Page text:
all the component objects.  (This implies that the complete bits are all
AND bits - the output value should be an AND of all the input values when
combining objects.)   Note that the separate complete bits removes the need
for the OR_AND construct, which was trying to combine two separate concepts
in a single bit.

On Thu, Dec 6, 2018 at 5:38 AM H.J. Lu <hjl.tools@gmail.com> wrote:

> Let's take GNU_PROPERTY_X86_FEATURE_2_USED.  Here are
> what x86-64 psABI says:
> A bit in the output pr_data field is set if it is set in any
> relocatable input pr_data
> fields and this property is present in all relocatable input files. A
> missing property
> implies that its bits have unknown values. When all bits in the the
> output pr_data
> field are zero, this property should not be removed from output to
> indicate it has
> zero in all bits. If the property is in output, all input relocatables
> have the property.
> If the bit is 1, some input relocatables have the feature. If the bit
> is 0, none of input
> relocatables have the feature.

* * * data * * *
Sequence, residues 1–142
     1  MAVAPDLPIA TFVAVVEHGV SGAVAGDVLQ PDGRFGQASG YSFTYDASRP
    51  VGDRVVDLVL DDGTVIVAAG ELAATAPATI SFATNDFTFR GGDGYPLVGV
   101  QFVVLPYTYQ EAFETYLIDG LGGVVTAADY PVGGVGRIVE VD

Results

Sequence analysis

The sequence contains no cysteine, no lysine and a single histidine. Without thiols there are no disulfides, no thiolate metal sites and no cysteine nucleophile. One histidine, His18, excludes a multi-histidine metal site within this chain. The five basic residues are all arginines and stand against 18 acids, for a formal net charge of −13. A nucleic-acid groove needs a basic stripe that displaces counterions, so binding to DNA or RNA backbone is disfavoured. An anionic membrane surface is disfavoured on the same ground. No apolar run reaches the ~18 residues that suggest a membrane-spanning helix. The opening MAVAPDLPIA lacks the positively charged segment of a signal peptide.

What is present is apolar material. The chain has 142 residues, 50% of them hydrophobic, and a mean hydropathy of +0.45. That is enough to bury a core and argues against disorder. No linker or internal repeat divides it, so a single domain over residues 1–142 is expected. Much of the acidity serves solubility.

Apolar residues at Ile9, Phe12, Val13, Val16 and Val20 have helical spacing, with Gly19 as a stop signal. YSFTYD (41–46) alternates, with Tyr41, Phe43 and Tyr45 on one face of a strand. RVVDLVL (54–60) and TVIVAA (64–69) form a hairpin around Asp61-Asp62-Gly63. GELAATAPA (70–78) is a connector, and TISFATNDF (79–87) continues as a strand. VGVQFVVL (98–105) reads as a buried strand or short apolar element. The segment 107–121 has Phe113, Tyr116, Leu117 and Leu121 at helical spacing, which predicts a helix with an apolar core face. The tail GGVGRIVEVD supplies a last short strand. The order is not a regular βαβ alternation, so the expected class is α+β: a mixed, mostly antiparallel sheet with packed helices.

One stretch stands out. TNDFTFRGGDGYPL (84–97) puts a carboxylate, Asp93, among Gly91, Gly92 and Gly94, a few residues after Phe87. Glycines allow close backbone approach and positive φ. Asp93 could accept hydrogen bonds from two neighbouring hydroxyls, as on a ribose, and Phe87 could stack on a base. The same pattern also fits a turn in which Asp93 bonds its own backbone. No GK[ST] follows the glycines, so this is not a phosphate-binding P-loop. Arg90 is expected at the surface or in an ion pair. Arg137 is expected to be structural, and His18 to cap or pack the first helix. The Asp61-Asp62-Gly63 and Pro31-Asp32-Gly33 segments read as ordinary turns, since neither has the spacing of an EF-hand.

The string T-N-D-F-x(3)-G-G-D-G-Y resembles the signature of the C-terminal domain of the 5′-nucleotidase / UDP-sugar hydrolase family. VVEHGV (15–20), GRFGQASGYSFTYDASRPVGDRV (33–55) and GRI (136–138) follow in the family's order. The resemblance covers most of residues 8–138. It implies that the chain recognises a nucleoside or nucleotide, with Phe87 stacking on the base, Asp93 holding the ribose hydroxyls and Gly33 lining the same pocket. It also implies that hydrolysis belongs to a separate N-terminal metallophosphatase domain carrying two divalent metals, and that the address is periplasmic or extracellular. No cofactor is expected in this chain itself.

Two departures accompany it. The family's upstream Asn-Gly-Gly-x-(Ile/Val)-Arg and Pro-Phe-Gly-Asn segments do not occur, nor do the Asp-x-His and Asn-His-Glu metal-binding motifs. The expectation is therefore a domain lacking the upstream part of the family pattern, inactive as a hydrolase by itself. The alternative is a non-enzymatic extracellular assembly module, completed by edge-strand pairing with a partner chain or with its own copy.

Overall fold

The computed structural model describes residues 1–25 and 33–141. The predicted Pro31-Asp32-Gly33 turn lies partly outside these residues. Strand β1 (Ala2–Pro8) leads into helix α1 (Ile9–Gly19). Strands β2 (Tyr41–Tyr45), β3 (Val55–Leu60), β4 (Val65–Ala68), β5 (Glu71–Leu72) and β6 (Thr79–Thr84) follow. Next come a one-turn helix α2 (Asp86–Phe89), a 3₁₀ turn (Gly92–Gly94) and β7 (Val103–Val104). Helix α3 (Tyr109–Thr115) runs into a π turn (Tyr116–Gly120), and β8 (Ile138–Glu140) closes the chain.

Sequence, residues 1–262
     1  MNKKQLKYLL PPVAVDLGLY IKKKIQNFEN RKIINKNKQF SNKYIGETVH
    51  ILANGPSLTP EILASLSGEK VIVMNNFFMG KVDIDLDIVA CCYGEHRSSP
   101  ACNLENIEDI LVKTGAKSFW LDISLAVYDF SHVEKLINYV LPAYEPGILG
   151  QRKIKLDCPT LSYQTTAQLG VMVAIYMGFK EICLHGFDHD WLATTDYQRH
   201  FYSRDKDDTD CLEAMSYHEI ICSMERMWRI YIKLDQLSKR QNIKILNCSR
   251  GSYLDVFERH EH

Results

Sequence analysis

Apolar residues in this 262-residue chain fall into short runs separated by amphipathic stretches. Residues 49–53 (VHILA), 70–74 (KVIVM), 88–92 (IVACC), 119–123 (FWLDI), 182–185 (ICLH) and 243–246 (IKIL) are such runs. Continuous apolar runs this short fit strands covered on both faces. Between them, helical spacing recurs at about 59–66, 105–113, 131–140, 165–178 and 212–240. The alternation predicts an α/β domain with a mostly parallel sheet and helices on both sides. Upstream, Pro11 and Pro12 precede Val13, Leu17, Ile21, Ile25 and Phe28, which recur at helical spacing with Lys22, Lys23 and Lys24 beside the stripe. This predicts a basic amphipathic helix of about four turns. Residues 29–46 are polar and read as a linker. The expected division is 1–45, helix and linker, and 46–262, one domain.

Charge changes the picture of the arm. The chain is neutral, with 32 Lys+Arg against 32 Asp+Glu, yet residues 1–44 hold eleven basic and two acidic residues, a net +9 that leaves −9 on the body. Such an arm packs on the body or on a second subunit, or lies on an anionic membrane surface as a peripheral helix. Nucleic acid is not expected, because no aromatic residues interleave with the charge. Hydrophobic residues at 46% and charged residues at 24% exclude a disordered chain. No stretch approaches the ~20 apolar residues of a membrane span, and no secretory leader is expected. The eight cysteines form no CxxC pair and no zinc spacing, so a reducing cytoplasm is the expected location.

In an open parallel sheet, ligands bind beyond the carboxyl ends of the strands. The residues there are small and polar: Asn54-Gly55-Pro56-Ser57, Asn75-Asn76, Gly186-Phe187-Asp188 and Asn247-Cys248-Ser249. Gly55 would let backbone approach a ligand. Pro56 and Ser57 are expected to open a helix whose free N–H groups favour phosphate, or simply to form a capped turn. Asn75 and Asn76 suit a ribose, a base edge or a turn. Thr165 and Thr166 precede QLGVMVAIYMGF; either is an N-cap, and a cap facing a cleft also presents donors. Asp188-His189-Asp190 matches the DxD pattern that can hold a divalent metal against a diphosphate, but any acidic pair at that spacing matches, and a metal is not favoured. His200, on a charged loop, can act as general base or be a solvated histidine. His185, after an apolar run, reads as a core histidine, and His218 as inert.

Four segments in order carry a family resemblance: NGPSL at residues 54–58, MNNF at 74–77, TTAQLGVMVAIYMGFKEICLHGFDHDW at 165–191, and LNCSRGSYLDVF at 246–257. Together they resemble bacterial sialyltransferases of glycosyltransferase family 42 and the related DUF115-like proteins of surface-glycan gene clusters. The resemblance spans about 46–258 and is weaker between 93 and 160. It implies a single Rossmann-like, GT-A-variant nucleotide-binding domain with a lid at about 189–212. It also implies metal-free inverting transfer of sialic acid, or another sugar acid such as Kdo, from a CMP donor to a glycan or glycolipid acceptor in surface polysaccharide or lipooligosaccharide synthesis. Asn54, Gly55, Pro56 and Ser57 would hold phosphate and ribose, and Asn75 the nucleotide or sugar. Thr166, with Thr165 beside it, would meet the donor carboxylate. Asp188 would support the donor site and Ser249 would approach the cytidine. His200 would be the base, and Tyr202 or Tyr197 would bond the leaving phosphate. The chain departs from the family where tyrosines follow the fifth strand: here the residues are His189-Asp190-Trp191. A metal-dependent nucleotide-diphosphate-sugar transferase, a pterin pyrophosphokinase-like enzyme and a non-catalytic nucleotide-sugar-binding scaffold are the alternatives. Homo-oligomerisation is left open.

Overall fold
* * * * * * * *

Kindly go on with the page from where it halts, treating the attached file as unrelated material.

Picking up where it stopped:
Based on the above, this is not a good idea.  The property should be
present in output if it was present in any input, and its value should
probably reflect the combination of those inputs.  A complete bit can
provide this last bit of information, which can have utility independent of
the (possibly partial) combined property bits.  Besides, you can't remove a
subset of the property bits in a storage unit anyway, if the input objects
were generated by tools supporting different numbers of them.

> GNU_PROPERTY_X86_FEATURE_2_USED The x86 processor features indicated
> by the corresponding bits are used in program. Their support in the
> hardware is
> optional. Its absence in an x86 ELF binary implies that any x86
> processor features
> may be used. GNU_PROPERTY_X86_FEATURE_2_USED can be used to check
> for features used in the program